The most crucial unit for Scrum projects is a small team of people – appropriately named a Scrum Team. It consists of one Scrum Master and one Product Owner each, as well as Developers. There are no sub-teams or hierarchies within a Scrum Team, as it should form a cohesive unit of professional individuals who are all focused on the same objective – namely, the Product Goal.
Moreover, Scrum Teams are cross-functional. That means all the members have the skills necessary for creating value during each Sprint. Additionally, the members should be self-managing.
The Scrum Team should be small enough to remain flexible, but it should also be large enough to complete a satisfactory amount of work during a Sprint. A typical Scrum Team includes 3 to 9 developers, a scrum master, and a product owner. In general, smaller teams are able to communicate better and can be more productive. If a Scrum Team becomes too large, it can be reorganized into multiple smaller Scrum Teams focused on the same end goal. They can share the same Product Owner, Product Goal, and Product Backlog.
Responsibilities of the Scrum Team include all product-related activities. That can range from stakeholder collaboration, verification, maintenance, operation, and experimentation, to research and development, as well as anything else that might be required during the process. Additionally, making sure the team is working at a sustainable pace during the Sprint improves their focus and consistency – which is where understanding the team capacity comes into play. Additionally, the entire Scrum Team is responsible for creating value every Sprint.
There are three specific accountabilities within the Scrum Team: the Developers, the Product Owner, and the Scrum Master.
Developers and product owners
Developers are the Scrum Team members committed to creating aspects of a usable Increment for each Sprint. The skills required of the Developers will vary with the domain of work. However, the Developers are always accountable for:
- Creating a plan for the Sprint, which is called the Sprint Backlog;
- Ensuring quality by respecting the Definition of Done;
- Adjusting their plan as needed in order to reach the Sprint Goal; and
- Holding each other accountable as professionals.
The Product Owner is the person accountable for maximizing the product’s value resulting from the Scrum Team’s work. They are also responsible for efficient Product Backlog management, which includes the following:
- Development and direct communication about the Product Goal;
- Creation and direct communication regarding Product Backlog items;
- Prioritizing items for the Product Backlog; and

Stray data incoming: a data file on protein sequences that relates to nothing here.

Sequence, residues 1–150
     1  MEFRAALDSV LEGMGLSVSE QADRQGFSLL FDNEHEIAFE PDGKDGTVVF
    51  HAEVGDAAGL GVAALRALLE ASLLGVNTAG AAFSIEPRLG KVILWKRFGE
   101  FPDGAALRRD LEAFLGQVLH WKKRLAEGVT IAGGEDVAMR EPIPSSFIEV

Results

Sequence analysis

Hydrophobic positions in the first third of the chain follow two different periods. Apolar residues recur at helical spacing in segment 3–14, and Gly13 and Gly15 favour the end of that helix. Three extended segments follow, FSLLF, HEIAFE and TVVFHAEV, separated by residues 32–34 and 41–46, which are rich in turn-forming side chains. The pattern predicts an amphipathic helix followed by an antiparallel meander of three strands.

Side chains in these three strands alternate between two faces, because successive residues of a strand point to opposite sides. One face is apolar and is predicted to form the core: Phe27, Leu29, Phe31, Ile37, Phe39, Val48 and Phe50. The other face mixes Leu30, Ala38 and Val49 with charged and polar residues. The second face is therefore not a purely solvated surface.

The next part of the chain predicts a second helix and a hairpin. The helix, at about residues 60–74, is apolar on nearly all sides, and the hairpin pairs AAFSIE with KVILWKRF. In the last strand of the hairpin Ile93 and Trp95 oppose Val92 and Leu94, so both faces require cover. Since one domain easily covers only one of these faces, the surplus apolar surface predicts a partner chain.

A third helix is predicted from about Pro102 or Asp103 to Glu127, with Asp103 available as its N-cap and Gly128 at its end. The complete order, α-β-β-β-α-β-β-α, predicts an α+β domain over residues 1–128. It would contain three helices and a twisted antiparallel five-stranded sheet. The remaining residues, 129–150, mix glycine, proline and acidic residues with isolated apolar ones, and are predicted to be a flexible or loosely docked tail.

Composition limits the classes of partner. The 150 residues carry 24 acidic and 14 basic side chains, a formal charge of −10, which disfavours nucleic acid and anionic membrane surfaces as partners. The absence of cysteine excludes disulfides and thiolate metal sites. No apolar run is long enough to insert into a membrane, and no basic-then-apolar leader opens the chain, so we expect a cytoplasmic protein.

- Making sure that the Product Backlog is fully transparent, available for everyone in the team, and, last but not least, understood by all.
Moreover, the Product Owner may delegate the responsibility of doing the above mentioned work to the others. However, they are still accountable for the results.
The entire organization must respect the Product Owners’ decisions in order for them to succeed. These decisions are visible in the Product Backlog’s content and ordering, as well as through the Sprint Review’s inspectable increment.
The Product Owner can only be one person. While they may represent many stakeholders’ needs in the Product Backlog, the Product owner cannot be a committee.
What does a Scrum Master do?
The Scrum Master is the one held accountable for ensuring the Scrum theory and values are executed in practice as outlined in the Scrum Guide. To this end, the Scrum Master role is to serve as something akin to teachers, aiding everyone both within the Scrum Team and the organization in understanding Scrum theory and practice. They are also accountable for the effectiveness of the Scrum Team. This is achieved by helping the Scrum Team improve the way it works within the Scrum framework.
Scrum Masters are the true leaders who serve both the Scrum Team, as well as the larger organization.
They serve the team in several ways, including but not limited to:
- Teaching the team members cross-functionality and self-management;
- Aiding the team to focus on the creation of Increments of high-value that also meet the Definition of Done;
- Removing the possible impediments of the Scrum Team’s progress; and
- Making sure that all Scrum events take place as intended, including meeting the deadlines.
Some of the ways Scrum Masters aid the Scrum Product Owner are the following:
- Aid in finding techniques for an efficient definition of the Product Goal and management of Product Backlog;
- Help with teaching the Scrum Team the importance of concise and comprehensible Product Backlog items;
- Aid in establishing empirical product planning for complex environments; and
- Facilitation of stakeholder collaboration per request or need.
The Scrum Master also serves the organization in the following ways:
- Leading, training, and coaching while the organization is implementing Scrum;
- Planning and advising the organization concerning Scrum implementations;
- Aiding the employees and stakeholders in understanding and enacting empirical approaches for complex work; and
- Removing barriers between Scrum Teams and stakeholders.
To fully understand the responsibilities of a Scrum Master, we will need to go over the essential Scrum Events. The most important one is The Sprint.